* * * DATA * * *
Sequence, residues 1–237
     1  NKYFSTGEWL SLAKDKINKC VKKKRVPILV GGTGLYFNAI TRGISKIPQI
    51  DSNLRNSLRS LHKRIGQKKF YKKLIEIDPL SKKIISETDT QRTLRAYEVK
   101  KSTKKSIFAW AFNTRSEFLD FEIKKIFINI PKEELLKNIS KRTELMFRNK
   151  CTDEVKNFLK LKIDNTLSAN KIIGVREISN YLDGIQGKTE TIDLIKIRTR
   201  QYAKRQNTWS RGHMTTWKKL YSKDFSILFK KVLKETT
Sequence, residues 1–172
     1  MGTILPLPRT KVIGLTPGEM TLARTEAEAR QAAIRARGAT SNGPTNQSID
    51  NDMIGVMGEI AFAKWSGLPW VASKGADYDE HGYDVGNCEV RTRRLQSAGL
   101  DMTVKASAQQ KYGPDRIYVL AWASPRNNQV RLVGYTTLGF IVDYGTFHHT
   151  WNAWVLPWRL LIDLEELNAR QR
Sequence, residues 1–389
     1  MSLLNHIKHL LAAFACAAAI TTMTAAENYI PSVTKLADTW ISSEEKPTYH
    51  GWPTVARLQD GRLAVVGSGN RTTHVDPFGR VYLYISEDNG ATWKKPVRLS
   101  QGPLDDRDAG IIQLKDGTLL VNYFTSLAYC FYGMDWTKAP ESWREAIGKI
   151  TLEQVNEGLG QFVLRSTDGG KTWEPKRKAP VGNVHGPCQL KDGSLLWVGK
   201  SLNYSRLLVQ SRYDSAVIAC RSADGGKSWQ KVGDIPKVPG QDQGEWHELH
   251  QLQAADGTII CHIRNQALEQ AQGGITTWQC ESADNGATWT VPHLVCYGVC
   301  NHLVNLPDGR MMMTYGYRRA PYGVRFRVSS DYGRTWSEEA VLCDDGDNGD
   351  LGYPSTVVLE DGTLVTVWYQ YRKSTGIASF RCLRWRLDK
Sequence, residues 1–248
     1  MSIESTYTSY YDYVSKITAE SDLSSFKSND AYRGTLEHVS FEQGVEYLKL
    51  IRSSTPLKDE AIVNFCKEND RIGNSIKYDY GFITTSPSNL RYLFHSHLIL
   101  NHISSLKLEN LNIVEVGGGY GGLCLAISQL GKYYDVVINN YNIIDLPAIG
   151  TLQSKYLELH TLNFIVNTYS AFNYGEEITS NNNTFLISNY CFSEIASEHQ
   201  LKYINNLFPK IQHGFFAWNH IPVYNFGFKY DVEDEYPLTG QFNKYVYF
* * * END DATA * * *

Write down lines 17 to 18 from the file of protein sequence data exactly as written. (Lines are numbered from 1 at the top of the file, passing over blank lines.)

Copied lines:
   201  SLNYSRLLVQ SRYDSAVIAC RSADGGKSWQ KVGDIPKVPG QDQGEWHELH
   251  QLQAADGTII CHIRNQALEQ AQGGITTWQC ESADNGATWT VPHLVCYGVC